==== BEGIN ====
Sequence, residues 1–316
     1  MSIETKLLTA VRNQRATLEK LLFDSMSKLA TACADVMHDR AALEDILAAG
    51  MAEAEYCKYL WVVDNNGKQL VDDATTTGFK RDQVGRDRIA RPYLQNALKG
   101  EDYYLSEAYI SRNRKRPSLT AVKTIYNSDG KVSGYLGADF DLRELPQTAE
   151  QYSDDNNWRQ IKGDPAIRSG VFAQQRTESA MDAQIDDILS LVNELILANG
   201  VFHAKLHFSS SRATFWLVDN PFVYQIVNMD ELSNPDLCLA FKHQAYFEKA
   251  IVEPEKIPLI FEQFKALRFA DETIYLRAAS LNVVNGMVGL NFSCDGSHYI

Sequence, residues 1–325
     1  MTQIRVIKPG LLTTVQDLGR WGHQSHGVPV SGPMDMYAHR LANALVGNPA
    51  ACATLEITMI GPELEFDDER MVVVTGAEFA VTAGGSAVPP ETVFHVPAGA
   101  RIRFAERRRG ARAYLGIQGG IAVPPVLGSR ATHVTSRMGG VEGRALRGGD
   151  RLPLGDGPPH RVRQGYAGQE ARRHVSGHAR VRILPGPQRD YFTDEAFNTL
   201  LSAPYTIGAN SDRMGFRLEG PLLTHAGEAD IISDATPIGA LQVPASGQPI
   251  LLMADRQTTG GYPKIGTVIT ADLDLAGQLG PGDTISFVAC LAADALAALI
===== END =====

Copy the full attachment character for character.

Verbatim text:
Sequence, residues 1–316
     1  MSIETKLLTA VRNQRATLEK LLFDSMSKLA TACADVMHDR AALEDILAAG
    51  MAEAEYCKYL WVVDNNGKQL VDDATTTGFK RDQVGRDRIA RPYLQNALKG
   101  EDYYLSEAYI SRNRKRPSLT AVKTIYNSDG KVSGYLGADF DLRELPQTAE
   151  QYSDDNNWRQ IKGDPAIRSG VFAQQRTESA MDAQIDDILS LVNELILANG
   201  VFHAKLHFSS SRATFWLVDN PFVYQIVNMD ELSNPDLCLA FKHQAYFEKA
   251  IVEPEKIPLI FEQFKALRFA DETIYLRAAS LNVVNGMVGL NFSCDGSHYI

Sequence, residues 1–325
     1  MTQIRVIKPG LLTTVQDLGR WGHQSHGVPV SGPMDMYAHR LANALVGNPA
    51  ACATLEITMI GPELEFDDER MVVVTGAEFA VTAGGSAVPP ETVFHVPAGA
   101  RIRFAERRRG ARAYLGIQGG IAVPPVLGSR ATHVTSRMGG VEGRALRGGD
   151  RLPLGDGPPH RVRQGYAGQE ARRHVSGHAR VRILPGPQRD YFTDEAFNTL
   201  LSAPYTIGAN SDRMGFRLEG PLLTHAGEAD IISDATPIGA LQVPASGQPI
   251  LLMADRQTTG GYPKIGTVIT ADLDLAGQLG PGDTISFVAC LAADALAALI